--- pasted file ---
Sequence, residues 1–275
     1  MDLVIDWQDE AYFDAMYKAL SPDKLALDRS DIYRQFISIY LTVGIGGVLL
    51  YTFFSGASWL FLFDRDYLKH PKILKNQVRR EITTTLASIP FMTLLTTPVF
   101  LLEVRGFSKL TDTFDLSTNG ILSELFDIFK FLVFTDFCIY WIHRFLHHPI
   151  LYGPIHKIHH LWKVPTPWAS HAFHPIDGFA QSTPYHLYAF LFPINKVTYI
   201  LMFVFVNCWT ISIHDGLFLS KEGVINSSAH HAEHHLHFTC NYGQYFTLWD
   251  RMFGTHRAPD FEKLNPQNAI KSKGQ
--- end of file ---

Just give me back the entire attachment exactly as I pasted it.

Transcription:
Sequence, residues 1–275
     1  MDLVIDWQDE AYFDAMYKAL SPDKLALDRS DIYRQFISIY LTVGIGGVLL
    51  YTFFSGASWL FLFDRDYLKH PKILKNQVRR EITTTLASIP FMTLLTTPVF
   101  LLEVRGFSKL TDTFDLSTNG ILSELFDIFK FLVFTDFCIY WIHRFLHHPI
   151  LYGPIHKIHH LWKVPTPWAS HAFHPIDGFA QSTPYHLYAF LFPINKVTYI
   201  LMFVFVNCWT ISIHDGLFLS KEGVINSSAH HAEHHLHFTC NYGQYFTLWD
   251  RMFGTHRAPD FEKLNPQNAI KSKGQ